In the future, if this comes up again as I expect it to, I need to either figure out a better way to use the concepts in these ways in writing, or decide to accept the price. It's a question for another day.

Replies from: Benito
comment by Ben Pace (Benito) · 2019-12-30T12:22:38.405Z · LW(p) · GW(p)

(Edited. Thx for letting us know.)

comment by Raemon · 2020-12-14T08:16:27.654Z · LW(p) · GW(p)

I think the Immoral Mazes sequence overall has been a big part of my worldview shift from 2019. I'm interested in reviewing the sequence holistically, but also interested in reviewing individual subsections of it.

I think this was among the more controversial subsections, which would be worth revisiting.

comment by Isnasene · 2019-12-30T05:45:51.702Z · LW(p) · GW(p)

One of the things that originally bothered me about this post is that it treated system shocks as outside-the-systems as opposed to as selection pressures in a yet bigger system that would move towards a state of Molochian competition. I thought to myself, This is missing the point, Moloch is still winning--just on a longer time-scale. Then I read this for the third time:

The practical danger to this system, that is on the rise now, is the temptation to not let this cycling happen. Preventing the cycle stops short term pain and protects the powerful. In the places things are getting worse or on pace to start getting worse, where Moloch is locally winning, this is a key mechanism. 

Now I realize that I was missing the point -- because there are actually two different ways that Moloch wins and one of them could happen on a super-fast time-scale (I wonder if this is what Zvi means by "Moloch's Army"?). Here are the specific mechanisms I have in mind:

#1. The slow, theoretically true way: Elua (an antifragile, high slack, high human-value system) is just what Moloch (a system encompassing all human societies that introduces existential shocks into them) has found to be most competitive. Eventually, Moloch will find a system Elu-nah (ie a society that figured out how to trade-off a lot of human value for more slack) that outcompetes Elua and doom us all.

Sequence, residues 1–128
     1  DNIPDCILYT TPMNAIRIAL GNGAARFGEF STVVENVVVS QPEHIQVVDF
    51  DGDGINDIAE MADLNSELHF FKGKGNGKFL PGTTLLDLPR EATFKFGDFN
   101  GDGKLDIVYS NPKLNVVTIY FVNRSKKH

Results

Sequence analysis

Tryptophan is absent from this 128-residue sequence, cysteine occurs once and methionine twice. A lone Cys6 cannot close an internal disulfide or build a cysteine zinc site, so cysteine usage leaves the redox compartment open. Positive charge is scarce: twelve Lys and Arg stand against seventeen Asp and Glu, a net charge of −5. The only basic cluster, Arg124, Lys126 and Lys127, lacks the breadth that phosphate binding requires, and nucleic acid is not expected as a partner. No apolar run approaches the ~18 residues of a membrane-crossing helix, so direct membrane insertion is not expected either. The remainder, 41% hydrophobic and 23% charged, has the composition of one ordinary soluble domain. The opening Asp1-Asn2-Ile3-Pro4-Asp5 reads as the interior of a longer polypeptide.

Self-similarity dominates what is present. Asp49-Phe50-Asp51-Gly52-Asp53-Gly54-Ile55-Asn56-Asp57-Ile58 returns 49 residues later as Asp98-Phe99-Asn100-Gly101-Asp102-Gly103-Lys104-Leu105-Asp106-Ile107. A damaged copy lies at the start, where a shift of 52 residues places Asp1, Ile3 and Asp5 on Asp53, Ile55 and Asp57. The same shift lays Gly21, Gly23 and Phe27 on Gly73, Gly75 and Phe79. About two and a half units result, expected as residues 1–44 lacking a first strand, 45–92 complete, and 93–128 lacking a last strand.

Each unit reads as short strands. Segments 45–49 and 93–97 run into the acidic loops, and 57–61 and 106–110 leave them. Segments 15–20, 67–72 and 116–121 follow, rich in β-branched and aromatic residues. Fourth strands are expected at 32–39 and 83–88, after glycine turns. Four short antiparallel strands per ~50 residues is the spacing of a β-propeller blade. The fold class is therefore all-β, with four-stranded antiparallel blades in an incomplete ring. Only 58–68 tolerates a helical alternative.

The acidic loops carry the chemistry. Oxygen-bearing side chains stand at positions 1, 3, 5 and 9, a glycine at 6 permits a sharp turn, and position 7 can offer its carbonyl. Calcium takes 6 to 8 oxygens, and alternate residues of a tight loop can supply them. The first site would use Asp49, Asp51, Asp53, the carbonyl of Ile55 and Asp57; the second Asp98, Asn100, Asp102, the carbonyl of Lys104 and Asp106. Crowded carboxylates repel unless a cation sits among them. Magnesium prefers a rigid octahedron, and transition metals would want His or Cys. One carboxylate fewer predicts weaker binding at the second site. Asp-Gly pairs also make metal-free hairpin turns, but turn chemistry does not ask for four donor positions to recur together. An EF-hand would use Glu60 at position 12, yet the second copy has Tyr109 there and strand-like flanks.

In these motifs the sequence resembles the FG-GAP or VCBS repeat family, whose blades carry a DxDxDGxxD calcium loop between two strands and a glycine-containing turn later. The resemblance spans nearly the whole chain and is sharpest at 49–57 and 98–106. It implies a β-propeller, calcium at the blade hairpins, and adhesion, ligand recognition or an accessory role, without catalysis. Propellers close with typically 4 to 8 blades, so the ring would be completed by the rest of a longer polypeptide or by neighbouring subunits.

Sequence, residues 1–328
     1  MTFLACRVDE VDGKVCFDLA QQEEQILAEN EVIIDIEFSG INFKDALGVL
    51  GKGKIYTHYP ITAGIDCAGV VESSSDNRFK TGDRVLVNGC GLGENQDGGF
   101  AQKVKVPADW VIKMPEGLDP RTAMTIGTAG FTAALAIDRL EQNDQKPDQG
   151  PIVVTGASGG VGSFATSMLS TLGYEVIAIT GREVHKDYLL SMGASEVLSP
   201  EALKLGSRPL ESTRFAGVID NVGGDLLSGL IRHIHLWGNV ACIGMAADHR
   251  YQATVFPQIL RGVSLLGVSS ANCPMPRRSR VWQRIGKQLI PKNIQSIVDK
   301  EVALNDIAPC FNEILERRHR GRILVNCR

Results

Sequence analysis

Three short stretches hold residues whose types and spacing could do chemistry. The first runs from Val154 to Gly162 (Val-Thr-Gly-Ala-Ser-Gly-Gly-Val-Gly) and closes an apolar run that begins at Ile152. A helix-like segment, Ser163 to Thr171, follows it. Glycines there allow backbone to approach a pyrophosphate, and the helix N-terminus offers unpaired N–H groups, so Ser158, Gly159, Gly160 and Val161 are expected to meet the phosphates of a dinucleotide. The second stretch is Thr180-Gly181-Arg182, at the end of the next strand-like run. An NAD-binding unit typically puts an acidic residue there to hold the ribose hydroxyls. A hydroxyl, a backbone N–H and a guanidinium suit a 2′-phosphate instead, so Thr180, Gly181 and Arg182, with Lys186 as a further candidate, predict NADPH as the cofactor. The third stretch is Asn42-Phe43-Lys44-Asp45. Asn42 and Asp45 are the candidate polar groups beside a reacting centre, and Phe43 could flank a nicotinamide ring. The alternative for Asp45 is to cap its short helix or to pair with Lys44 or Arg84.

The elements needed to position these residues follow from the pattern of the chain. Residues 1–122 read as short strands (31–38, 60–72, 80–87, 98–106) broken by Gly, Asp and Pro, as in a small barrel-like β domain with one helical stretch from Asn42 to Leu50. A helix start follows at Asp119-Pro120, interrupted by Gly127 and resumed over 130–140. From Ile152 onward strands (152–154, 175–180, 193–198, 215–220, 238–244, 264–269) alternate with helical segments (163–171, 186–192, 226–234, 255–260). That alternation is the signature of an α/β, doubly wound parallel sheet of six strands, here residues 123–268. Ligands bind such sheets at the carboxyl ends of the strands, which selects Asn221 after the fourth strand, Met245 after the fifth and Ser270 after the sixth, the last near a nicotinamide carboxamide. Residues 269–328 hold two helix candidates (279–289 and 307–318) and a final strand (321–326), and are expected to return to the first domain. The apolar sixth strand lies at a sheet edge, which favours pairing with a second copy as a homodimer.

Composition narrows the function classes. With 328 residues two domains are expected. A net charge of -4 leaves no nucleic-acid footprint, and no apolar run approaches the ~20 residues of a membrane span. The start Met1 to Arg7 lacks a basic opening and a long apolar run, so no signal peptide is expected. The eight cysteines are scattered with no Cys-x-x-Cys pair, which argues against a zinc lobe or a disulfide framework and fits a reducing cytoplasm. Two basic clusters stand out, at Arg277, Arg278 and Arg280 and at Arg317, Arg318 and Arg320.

#2. The super-fast actual thing that could be happening right now: Human beings, for personal reasons completely unrelated to the way that Moloch selects between Elua and other worse societal set-ups like Elu-nah, are actively trying to convert Elua antifragile high-human-value societies into super-antifragile low-human-value Elu-nah societies to preserve their current positions in power. And they use the theoretical justification of #1 to pretend like they're not responsible.

And distinguishing these two mechanisms is really important. As humans, we can engineer situations where it takes an extremely long time for #1 to happen (ie by designing hard-to-destroy mechanisms that fight potential Elu-nah societies) so it's really not so bad in the short-term and could potentially turn out okay over extremely long time-frames. In contrast, #2 is something that is happening right now, and could very quickly get us into a permanent Molochian equilibrium which would take #1 millions of years to achieve.

comment by dr_s · 2020-09-17T08:30:38.293Z · LW(p) · GW(p)
Things sometimes get bad. Once things get sufficiently bad that no one can deviate from short-term selfish actions or be a different type of person without being wiped out, things are no longer stable. People cheat on long term investments, including various combinations of things such as having and raising children, maintaining infrastructure and defending norms. The seed corn gets eaten. Eventually, usually when some random new threat inevitably emerges, the order collapses, and things start again. The rise and fall of civilizations.

Uneasily looks at CO2 concentration and global average temperatures graphs for the last decades